It’s Hard to Get the Right Right!

Fellow nerds: Have you ever had this kind of deflating experience?  You see a new book title that promises to answer a bunch of questions that have been rattling around in your head unorganized and unarticulated.  You finally get your hands on the book and eagerly start reading, only to find that the author does not seem very interested in the very interesting questions that you wanted her to answer.  That was my experience with Michelle Abate’s Raising Your Kids Right.

Now Cam Scribner has published a review on the US Intellectual History Blog of Abate’s book that manages to put my geekmotional response into coherent prose.  Scribner is working on an important study of conservative educational activism.  He is someone who works hard to understand what it meant to be “conservative” in America.  And, as Scribner notes, Abate fails to get the Right right.  In Scribner’s words:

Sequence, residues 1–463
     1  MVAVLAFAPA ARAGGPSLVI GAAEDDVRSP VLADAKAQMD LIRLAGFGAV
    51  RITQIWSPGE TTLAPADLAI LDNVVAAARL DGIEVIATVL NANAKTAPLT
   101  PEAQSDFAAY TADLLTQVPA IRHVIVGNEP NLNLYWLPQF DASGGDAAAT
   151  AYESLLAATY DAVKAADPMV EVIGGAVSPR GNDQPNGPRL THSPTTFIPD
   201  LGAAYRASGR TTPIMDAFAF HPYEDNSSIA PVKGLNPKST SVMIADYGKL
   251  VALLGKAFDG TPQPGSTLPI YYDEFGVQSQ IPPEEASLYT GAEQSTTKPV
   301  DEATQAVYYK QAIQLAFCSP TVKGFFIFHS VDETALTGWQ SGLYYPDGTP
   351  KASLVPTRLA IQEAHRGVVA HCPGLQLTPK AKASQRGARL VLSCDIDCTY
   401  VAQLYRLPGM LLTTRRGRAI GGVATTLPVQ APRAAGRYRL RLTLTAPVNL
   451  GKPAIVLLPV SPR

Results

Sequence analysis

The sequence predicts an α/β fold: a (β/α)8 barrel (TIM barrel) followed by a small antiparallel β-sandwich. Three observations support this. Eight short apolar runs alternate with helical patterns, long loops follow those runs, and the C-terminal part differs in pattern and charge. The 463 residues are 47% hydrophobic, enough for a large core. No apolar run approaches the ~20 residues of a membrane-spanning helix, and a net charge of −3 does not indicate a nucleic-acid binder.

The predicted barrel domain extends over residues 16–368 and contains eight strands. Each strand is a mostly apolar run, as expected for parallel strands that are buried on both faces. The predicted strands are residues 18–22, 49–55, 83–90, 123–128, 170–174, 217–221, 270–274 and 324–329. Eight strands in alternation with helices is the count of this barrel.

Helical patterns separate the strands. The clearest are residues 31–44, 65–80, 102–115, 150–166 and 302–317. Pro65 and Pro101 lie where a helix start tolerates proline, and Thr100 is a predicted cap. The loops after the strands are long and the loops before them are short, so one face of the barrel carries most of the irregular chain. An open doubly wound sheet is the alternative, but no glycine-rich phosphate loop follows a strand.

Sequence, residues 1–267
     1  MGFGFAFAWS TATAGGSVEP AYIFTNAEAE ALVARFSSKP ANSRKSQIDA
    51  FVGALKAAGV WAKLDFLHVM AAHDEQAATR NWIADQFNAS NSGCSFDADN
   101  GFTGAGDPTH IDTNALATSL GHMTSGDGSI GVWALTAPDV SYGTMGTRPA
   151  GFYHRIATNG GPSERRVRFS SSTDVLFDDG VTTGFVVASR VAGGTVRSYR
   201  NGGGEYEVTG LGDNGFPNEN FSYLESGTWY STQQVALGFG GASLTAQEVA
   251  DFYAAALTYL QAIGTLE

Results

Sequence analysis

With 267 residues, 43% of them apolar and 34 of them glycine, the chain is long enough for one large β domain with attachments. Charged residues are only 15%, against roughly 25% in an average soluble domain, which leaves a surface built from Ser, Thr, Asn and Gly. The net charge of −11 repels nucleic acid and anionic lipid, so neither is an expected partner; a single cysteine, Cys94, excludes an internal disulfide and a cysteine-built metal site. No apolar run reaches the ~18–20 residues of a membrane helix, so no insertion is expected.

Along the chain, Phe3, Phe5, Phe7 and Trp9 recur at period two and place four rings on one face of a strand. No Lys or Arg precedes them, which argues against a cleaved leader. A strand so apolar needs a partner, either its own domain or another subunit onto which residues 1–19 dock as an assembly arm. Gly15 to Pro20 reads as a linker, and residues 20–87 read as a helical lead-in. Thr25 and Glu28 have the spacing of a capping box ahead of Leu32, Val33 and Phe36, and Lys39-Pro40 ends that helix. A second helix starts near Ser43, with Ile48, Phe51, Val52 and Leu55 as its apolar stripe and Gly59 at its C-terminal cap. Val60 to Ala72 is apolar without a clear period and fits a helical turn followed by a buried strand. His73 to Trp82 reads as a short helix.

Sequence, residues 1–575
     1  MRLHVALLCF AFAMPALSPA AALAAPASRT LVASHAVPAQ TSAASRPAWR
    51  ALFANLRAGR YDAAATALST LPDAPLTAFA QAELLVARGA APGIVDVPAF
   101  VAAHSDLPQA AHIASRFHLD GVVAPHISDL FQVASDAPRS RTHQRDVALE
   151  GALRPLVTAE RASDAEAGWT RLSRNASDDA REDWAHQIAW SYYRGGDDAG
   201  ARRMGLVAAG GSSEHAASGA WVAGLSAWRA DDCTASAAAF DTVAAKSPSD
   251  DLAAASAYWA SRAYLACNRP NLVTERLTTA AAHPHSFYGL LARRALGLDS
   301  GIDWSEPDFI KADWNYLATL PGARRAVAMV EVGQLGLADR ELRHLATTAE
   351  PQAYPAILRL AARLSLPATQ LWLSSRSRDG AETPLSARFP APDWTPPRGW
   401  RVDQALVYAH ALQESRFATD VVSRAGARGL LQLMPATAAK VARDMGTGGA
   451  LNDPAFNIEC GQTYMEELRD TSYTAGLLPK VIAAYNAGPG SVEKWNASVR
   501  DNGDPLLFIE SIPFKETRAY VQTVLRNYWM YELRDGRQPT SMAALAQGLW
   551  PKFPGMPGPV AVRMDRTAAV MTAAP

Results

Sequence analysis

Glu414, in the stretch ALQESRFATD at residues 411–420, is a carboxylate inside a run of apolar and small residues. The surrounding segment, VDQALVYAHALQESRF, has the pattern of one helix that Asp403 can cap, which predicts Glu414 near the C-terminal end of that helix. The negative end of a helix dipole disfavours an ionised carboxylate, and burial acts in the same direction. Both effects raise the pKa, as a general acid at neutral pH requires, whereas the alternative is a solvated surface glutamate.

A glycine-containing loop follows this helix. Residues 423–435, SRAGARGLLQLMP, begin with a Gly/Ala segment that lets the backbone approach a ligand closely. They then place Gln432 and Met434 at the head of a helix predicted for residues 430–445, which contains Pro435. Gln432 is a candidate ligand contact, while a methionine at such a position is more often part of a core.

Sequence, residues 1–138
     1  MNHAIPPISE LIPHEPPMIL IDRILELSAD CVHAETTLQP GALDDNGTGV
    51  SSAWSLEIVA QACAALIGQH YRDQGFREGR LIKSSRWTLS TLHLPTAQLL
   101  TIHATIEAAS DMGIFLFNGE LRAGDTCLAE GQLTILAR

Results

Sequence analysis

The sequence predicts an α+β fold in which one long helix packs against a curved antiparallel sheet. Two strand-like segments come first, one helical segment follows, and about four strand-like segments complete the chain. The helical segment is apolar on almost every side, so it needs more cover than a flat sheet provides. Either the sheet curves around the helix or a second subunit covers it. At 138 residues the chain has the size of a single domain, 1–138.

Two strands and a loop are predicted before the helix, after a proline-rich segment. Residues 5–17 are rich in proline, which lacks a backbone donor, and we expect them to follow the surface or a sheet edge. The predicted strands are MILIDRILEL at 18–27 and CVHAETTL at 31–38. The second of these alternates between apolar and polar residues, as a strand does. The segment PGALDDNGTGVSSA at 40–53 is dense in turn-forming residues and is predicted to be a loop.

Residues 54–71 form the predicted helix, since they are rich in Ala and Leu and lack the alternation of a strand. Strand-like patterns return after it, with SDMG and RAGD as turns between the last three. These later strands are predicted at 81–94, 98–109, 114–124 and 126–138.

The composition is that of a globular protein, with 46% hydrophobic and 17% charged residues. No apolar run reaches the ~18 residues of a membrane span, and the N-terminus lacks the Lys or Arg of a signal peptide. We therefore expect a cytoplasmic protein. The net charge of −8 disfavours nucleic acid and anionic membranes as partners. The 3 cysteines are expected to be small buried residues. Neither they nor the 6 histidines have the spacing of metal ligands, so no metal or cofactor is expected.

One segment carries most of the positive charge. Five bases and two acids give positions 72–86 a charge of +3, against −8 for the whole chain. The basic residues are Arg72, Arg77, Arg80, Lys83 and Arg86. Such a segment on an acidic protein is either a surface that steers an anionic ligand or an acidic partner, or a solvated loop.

First, despite providing a pretty cogent history of right-wing politics since the 1960s, Abate uses the word “conservative” far too broadly. For her, in fact, it seems interchangeable with the words “histrionic,” “retrograde,” and “racist” (pgs. 35, 37, 180-181).

I know it’s not fair to criticize someone for the book they didn’t write.  But in this case, I agree with Scribner.  If one is to dig into the rich field of conservative children’s literature, there are a few things that one must consider.  Quoth Scribner:

Rather than capturing conservative writing at its smallest, Abate could have written a much more meaningful book about what conservatives actually think will interest or ennoble their children. Prefacing her discussion of The Book of Virtues, for example, with selections from C.S. Lewis, Pilgrim’s Progress, McGuffey’s Readers, or other conservative favorites would accrue more historical weight to her argument and preclude the sort of caricature and dismissal that seems to underlie much of her analysis.

The good news for historians, I suppose, is that there is still plenty of room for studies of conservatism and children’s issues, including children’s books.

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